In late 2009, Russian journalist Svetlana Krasnayazvezda began investigating allegations of corruption between one of Russia’s largest steel manufacturers, government officials, and a Russian-associated organized crime group based in the Canadian province of Quebec.
Over the next decade, her investigation would expand to include other areas of private-public cooperation that could be considered unethical or illegal, including the illicit trade in wildlife. In 2016, a colleague of Krasnayazvezda, based near Montreal, brought my writing to her attention. At the time, I had been blogging about the plans to display orcas at the Sochi Dolphinarium and the facility’s link to the Ukranian company NEMO and the Russian Navy.
Using this Montreal-based journalist as an intermediary, Krasnayazvezda and I began communicating on a weekly basis. In September, fearing arrest as a consequence of her continued investigations into Russian corruption, Krasnayazvezda transmitted over 50,000 documents to her Montreal-based colleague. Approximately 4,000 of these pertained to the capture and sale of killer whales, belugas, and pinnipeds.
The documents were forwarded to me once I agreed to three stipulations:
- For the time being, I have been asked to act as the conduit on matters regarding the marine mammal trade. I was asked to do this due to the large number of my readers who, regardless of whether or not they support public exhibition, care about animal welfare.
- The identities of all of the journalists globally (there are a number of us) reviewing the 50,000 documents, our translators, and Svetlana Krasnayazvezda, which is a pseudonym, are to remain anonymous, except when reporting directly to the public. So, for example, when my colleagues write about the industries they are experts in, my name will not appear, even if I contributed to their reports.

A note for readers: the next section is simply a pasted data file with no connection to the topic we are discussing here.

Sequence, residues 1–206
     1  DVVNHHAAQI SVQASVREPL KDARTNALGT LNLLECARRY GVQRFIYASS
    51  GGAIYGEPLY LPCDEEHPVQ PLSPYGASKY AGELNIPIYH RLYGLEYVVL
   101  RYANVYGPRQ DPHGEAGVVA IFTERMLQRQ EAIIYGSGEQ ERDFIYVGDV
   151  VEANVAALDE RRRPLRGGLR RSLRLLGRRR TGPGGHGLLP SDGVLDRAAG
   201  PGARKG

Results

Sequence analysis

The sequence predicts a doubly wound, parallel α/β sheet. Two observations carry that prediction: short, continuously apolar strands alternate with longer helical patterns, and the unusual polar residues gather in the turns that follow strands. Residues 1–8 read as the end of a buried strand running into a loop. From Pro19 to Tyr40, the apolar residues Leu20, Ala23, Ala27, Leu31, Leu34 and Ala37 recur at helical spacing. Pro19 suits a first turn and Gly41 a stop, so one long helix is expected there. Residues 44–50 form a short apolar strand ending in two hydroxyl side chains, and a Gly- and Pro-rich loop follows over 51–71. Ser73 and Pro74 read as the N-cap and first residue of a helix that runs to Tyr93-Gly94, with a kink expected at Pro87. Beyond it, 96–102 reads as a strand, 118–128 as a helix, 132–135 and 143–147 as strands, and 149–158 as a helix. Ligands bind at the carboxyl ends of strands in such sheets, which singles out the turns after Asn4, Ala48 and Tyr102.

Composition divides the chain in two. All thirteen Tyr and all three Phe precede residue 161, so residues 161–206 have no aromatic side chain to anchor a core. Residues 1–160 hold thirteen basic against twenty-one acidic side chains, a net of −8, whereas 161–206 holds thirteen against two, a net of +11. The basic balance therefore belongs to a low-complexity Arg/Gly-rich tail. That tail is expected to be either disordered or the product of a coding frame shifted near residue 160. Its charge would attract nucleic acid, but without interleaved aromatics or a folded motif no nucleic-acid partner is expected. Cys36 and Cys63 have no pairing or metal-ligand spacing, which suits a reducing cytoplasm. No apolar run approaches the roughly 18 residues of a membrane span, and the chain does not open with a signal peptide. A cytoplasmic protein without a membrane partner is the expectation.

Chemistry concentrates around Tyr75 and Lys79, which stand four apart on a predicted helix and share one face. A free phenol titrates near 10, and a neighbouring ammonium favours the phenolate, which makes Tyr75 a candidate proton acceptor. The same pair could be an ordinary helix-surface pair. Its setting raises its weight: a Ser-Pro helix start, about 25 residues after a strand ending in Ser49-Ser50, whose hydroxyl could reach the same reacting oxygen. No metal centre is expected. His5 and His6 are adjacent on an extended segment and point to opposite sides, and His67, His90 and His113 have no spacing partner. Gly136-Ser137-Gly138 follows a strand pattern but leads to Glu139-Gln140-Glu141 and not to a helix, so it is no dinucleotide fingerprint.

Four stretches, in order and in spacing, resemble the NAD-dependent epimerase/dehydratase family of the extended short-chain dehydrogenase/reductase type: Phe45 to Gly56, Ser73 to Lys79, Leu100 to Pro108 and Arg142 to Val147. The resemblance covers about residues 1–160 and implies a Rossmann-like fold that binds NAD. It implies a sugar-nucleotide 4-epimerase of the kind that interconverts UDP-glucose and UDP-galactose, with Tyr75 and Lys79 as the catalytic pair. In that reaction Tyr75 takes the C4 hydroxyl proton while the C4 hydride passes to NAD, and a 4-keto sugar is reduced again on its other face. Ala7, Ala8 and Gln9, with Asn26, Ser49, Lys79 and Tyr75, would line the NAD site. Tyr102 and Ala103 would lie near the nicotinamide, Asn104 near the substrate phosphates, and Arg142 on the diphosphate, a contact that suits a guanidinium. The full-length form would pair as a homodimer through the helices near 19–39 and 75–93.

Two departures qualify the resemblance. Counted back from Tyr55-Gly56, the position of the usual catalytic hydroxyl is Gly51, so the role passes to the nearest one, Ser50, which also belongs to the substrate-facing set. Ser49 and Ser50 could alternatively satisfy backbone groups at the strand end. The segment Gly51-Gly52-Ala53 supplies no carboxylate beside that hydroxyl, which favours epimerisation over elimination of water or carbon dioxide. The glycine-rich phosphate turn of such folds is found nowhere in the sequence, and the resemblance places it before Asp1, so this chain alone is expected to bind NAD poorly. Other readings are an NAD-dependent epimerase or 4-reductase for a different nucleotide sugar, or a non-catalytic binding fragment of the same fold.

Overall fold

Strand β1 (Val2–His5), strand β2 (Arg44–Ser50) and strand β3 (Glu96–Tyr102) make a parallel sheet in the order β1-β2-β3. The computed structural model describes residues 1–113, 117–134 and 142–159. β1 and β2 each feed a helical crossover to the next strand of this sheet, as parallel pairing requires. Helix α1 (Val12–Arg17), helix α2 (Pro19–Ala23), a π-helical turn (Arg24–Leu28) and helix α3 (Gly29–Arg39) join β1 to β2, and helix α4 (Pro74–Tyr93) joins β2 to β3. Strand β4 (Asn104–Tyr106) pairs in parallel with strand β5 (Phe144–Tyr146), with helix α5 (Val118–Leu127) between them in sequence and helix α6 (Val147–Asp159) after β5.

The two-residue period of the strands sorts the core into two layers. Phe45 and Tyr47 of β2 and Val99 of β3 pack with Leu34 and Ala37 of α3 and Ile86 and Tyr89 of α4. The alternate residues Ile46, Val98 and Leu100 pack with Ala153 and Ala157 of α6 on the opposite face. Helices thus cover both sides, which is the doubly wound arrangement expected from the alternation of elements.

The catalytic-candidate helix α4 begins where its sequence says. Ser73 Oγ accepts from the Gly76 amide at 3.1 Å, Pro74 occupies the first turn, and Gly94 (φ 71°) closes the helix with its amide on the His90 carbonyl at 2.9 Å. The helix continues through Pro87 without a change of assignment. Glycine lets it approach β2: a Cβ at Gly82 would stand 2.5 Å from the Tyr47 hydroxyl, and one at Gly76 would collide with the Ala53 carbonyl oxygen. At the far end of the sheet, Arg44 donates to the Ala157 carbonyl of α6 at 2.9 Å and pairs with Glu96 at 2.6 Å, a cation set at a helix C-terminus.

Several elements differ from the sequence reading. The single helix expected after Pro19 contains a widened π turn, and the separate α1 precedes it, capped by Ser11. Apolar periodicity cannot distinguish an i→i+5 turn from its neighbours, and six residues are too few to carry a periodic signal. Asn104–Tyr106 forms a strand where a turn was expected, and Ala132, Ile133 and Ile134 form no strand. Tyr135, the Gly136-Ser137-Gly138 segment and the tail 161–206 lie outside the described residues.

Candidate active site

- As this is an ongoing investigation and documents may give clues to their origins or to the identities of individuals mentioned or communicating in them, they cannot be shared or publicly dispersed until the entire investigation is concluded.
After consulting with my colleagues, I have decided to begin the year by sharing information garnered from correspondence surrounding the release of orcas and belugas from the so called Russian “Whale Jail.”
At the center of everything is Kirill Mikhailov, co-founder of White Sphere, a company that develops and operates dolphinariums, public pools, and waterparks throughout Europe and the Middle East and that has recently embarked on residential and commercial real estate development as well.
Through allegedly questionable means, Mikhailov acquired control of both the Sochi Dolphinarium and the Utrish Dolpinarium group. The latter is an offshoot of the Utrish Marine Station (UMS), a facility on the Black Sea operated by the Russian Academy of Sciences (RAS). UMS is where the eighteen belugas ordered by the Georgia Aquarium were being held and there are indications that Mikhailov may have been involved in the capture and the transaction of these whales. In 2016, six walrus pups illegally captured by his associates (the captures included the alleged illegal killing of nursing mothers in order to acquire the pups) were transferred to UMS when a sister RAS facility at the Primorsky Aquarium in Vladivostok refused them.
With the Olympics headed to Sochi, Mikhailov decided to showcase two orcas at his Sochi Dolphinarium. International public outcry with heavy accompanying media coverage forced him change his plans at the last minute. Two large, rusty open topped oil tanks were place on the grounds of the All-Russian Exhibition Center, filled with water, and covered with an inflatable dome while construction commenced on the giant aquarium next door. His company, White Sphere designed the marine mammal habitats and therapy pools in this new building, dubbed the Moskvarium, and Mikhailov became a minority shareholder. When the aquarium opened the following year, three orcas captured by one of his companies would be on display.